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DUI of Drugs: What You Don't Know Can Hurt You

In 2014, Pittsburgh Steelers running backs Le'Veon Bell and LeGarrette Blount were charged with driving under the influence of marijuana. At the scene of the traffic stop, the officer reported that Bell said, "I didn't know you could get a DUI for being high."

Bell, Blount, and a third passenger were ultimately charged with misdemeanor marijuana-related offenses, otherwise known as “DUI of drugs.” As their story demonstrates, ignorance is not a valid defense when it comes to driving under the influence of any drug, whether it’s marijuana, LSD, a lawfully prescribed medication, or even an over-the-counter allergy medicine.

Bell told his arresting officer that he had smoked two hours earlier and wasn't high anymore. But little did Bell know, THC, the active ingredient in cannabis, can stay in the bloodstream for as long as 45 days after use.

DUI OF DRUGS IN CALIFORNIA

Despite California’s marijuana reform, an individual can still be charged with DUI of drugs if they test positive for marijuana. But, unlike alcohol impairment, there is no concentration threshold. With alcohol for example, it’s illegal to drive with a blood alcohol concentration (BAC) of .08%.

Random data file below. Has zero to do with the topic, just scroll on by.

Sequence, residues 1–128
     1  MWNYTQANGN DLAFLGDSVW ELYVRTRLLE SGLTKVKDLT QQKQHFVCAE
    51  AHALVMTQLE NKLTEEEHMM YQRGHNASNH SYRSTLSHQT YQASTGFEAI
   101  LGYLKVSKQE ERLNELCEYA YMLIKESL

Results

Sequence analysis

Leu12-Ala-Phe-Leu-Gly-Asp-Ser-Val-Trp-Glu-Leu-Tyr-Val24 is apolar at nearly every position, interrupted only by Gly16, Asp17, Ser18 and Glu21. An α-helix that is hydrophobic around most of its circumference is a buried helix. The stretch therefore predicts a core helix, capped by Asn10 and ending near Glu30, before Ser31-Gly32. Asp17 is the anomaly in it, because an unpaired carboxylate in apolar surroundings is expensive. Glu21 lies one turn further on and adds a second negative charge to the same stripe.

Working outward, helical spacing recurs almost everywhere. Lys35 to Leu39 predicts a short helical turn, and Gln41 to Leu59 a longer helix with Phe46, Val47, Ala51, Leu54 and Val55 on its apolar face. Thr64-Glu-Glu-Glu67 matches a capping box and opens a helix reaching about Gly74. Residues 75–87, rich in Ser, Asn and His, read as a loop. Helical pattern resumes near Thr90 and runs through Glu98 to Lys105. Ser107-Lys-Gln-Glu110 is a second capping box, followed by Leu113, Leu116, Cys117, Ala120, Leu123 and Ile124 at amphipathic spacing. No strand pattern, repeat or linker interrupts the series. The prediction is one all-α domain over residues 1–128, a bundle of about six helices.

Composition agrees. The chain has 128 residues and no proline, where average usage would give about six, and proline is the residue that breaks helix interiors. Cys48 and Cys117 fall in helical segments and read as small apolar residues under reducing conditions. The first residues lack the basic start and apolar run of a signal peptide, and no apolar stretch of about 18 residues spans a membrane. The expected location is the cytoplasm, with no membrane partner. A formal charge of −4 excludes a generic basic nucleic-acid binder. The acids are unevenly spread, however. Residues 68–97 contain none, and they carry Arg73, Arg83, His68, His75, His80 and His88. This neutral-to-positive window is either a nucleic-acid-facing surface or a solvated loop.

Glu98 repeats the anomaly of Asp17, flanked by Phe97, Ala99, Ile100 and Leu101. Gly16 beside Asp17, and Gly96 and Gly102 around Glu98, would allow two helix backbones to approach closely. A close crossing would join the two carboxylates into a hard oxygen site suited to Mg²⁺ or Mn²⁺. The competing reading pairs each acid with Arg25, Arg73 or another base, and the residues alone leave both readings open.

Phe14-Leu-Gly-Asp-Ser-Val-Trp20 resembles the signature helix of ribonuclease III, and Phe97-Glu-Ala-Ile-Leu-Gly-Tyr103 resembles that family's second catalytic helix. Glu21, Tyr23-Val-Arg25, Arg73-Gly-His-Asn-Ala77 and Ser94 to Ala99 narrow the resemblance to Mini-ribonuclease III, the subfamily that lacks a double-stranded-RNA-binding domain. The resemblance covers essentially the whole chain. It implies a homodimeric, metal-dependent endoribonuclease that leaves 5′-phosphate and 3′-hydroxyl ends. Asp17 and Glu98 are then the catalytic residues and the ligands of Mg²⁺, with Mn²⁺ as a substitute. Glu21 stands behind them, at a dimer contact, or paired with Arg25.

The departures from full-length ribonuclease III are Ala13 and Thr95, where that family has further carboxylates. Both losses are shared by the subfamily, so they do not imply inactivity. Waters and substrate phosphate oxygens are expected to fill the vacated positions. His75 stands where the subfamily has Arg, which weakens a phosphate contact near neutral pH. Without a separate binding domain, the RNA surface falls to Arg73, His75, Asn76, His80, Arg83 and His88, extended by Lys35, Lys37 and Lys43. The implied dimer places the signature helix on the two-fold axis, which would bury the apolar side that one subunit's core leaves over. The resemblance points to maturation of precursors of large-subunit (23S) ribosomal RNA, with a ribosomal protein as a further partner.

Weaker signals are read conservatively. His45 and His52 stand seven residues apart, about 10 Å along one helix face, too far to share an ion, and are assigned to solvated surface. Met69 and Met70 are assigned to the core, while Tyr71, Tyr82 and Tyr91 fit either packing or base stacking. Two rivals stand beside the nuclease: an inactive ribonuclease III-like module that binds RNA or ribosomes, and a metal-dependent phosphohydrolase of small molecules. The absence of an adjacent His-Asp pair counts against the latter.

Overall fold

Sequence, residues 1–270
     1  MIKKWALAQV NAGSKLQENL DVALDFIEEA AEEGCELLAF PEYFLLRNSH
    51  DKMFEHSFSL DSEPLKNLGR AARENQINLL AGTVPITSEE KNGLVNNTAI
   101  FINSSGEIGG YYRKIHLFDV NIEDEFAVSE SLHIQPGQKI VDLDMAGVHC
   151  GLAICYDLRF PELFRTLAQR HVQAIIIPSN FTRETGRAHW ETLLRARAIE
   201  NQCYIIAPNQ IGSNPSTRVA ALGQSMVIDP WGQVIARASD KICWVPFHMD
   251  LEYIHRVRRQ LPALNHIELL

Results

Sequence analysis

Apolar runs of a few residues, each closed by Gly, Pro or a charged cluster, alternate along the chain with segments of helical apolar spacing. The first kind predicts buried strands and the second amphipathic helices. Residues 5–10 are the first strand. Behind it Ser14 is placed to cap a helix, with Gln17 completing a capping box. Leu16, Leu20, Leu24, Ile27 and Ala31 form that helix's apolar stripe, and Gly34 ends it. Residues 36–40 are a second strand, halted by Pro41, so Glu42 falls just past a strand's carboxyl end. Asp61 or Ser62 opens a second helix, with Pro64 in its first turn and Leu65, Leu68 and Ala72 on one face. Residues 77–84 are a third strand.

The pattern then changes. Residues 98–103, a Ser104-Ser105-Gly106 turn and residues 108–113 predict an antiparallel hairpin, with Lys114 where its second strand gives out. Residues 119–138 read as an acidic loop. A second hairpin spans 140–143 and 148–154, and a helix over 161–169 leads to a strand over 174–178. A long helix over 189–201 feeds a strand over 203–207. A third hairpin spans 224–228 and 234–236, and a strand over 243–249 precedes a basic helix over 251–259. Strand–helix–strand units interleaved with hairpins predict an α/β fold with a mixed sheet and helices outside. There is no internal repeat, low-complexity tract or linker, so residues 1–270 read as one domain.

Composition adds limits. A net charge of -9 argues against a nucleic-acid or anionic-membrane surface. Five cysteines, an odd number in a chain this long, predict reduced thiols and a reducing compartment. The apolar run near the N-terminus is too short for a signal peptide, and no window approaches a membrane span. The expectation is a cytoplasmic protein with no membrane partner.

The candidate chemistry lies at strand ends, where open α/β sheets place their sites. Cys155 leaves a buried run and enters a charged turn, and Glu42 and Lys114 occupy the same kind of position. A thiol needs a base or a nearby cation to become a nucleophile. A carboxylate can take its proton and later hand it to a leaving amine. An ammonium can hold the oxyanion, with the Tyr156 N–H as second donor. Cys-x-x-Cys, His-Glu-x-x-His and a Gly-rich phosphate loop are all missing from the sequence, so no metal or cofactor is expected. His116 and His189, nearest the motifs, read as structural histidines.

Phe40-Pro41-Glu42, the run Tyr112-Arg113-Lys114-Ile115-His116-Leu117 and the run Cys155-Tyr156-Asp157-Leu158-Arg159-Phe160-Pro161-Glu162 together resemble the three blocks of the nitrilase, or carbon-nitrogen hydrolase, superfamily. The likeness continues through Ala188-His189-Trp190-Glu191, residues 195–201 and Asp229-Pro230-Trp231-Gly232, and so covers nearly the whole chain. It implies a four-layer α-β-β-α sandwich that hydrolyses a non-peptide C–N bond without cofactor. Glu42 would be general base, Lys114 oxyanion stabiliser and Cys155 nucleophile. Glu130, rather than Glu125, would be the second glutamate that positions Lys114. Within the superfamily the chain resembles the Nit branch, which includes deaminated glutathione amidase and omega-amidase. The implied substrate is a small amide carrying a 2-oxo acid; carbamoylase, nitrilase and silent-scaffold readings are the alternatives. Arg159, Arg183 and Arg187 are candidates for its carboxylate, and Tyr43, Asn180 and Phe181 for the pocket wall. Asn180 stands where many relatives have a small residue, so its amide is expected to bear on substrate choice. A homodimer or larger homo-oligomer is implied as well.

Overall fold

Under Section 23152 of the California Vehicle Code, "it is unlawful for a person who is under the influence of any drug to drive a vehicle." But where the DUI laws regarding marijuana can become hairy is the part describing what it means to be "under the influence."

What does it mean to be under the influence of marijuana? Clearly, Bell and Blount knew they had gotten high earlier that day, but their excuse when questioned was that they weren't high anymore. Many marijuana users can understand where the athletes were coming from.

Ignorance is Never a Defense

While ignorance is never a defense for any DUI charge, it may be a defense to claim that you were not seriously impaired or under the influence of the drug. This means that although marijuana was found in your system, you were still able to drive a vehicle at the same level as a sober person would have under the same circumstances.

In order to avoid being convicted of drugged driving, your defense attorney must convince the court that:

  • You didn't have marijuana in your system, or
  • While you did have marijuana in your system, you were not under its influence.

If you were arrested for driving under the influence of alcohol or drugs (illegal or legal), contact an Orange County DUI lawyer at the Law Offices of Virginia L. Landry, Inc. We provide free and confidential case evaluations.